Pain after delivery is common but unpleasant. The pushing and contortions of labor will make you feel washed out, tired, and achy. It could be severe and as intense as your labor pain. The soreness in the body you experience may be for days or weeks after childbirth. Your ribs, abdomen, back, vagina, pelvis, and breasts could hurt like you have lost a boxing match.
The uterus will contract after childbirth. The afterpains caused due to postpartum contractions could really trouble you. Involution or contraction of the uterus happens immediately after the delivery and continues to do so for a period of six weeks till it restores its original shape. If you breastfeed the baby, your body triggers the release of hormone Oxytocin which helps in the contraction of your uterus.
If you have abdominal aches and flutters which are similar to menstrual cramps that grow more pronounced while breastfeeding and if you feel the sensations painful, talk to your doctor. Your doctor might prescribe OTC painkillers. But just hang in there, this cramping isn’t going to last longer than a week.
Frequent urination to clear the urinary bladder is important to prevent uterine contractions.
Imagine pushing out your little one through your nether regions, and now imagine the strain you have gone through while pushing the baby out. Your abdomen and pelvic area go through unimaginable strain during labor and delivery. These strained muscles need a lot of time recover. The pain can be reduced with painkillers and a lot of rest.
If you have had a surgical cut in the muscular area between the vagina and the anus during delivery – episiotomy – or if you had experienced a tear during birth, the stitches given in the perineum area will take some time to heal. This pain may be there for a while and it might increase when you walk or sit for a long time. You may also feel the pain when you sneeze or cough till it heals.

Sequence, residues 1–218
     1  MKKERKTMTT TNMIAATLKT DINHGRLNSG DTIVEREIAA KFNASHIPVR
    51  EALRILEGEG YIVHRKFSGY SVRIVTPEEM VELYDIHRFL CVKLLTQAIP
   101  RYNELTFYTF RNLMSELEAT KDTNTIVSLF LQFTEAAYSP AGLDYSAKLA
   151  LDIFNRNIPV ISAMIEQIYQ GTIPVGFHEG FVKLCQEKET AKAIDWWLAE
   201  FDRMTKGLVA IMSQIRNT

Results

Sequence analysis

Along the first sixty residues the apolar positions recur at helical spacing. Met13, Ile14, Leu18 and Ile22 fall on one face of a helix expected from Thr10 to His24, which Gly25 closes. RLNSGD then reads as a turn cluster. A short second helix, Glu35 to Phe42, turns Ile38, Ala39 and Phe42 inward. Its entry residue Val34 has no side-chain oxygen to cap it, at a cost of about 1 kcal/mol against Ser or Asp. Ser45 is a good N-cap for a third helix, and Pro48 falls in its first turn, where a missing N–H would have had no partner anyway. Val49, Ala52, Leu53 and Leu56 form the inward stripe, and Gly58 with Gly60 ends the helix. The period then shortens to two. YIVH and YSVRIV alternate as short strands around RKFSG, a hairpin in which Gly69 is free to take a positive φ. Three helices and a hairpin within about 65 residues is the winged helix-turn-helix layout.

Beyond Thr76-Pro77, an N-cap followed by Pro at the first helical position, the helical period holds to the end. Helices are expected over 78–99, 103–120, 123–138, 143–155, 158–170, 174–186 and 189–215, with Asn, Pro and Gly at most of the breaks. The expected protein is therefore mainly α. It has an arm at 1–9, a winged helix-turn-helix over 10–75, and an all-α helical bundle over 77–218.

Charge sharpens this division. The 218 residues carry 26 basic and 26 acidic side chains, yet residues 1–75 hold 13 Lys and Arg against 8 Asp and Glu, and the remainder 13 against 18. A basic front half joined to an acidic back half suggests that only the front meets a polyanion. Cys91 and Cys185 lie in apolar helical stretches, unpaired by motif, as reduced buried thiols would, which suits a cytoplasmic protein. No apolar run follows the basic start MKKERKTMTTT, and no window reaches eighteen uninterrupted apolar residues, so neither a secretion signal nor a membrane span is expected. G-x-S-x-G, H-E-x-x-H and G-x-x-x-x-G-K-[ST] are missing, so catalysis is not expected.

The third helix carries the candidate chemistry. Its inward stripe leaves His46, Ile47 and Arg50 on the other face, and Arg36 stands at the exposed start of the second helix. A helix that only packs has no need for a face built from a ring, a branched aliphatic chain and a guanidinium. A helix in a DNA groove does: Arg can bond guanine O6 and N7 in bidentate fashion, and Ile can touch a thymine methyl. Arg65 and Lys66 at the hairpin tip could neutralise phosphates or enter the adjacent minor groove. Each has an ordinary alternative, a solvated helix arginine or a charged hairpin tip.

Tender And Sore Breasts
The soreness in the breasts is another pain you have to deal with after birth. The milk engorgement and the clogged ducts could make it worse, especially when you feed the baby. Sore nipples can be discomforting.
When you hit the toilet for the first time after childbirth, it will be one big experience that you will remember for the rest of your life. The first postpartum bowel movement may be a few days after delivery, it can be very painful. The healing stitches, sensitive hemorrhoids, sore pelvic muscles could make things hurt after childbirth. Drinking a lot of fluids and having a diet rich in fiber ease constipation. Also, many women suffer from swollen anal tissues (hemorrhoids) due to the strain during labor.
One of the most common pain after delivery. Giving birth does take a toll down on you. Swelling and stinging are normal, but the recovery is fairly rapid. Back pain due to the uterus expansion during pregnancy, incorrect posture during nursing can get aggravated. This pain is normal for a few months after delivery and can be avoided if you follow the right posture, do mild exercises after consulting your doctor, and take good care of yourself. Try to focus on bending from your knees while you lift your baby, and use a footrest to elevate your feet while feeding or sitting.
Infections arising out of C-section surgery, catheters, or obstetrical tools could cause pain in your pelvic region. Antibiotics are given to treat infections. If your pain persists for long you need medical attention to avoid any complications.
Lochia Or Vaginal Discharge
Initially, the discharge will be heavier than the normal period which often contains clots. The vaginal discharge gradually fades and stops after a few weeks.
The body after delivery gets adjusted to the new hormones and new life, it can wreak havoc on your internal thermostat. NIght sweats are the result. Try covering your pillow with an absorbent towel and drink plenty of fluids to help compensate the water you lose through sweat.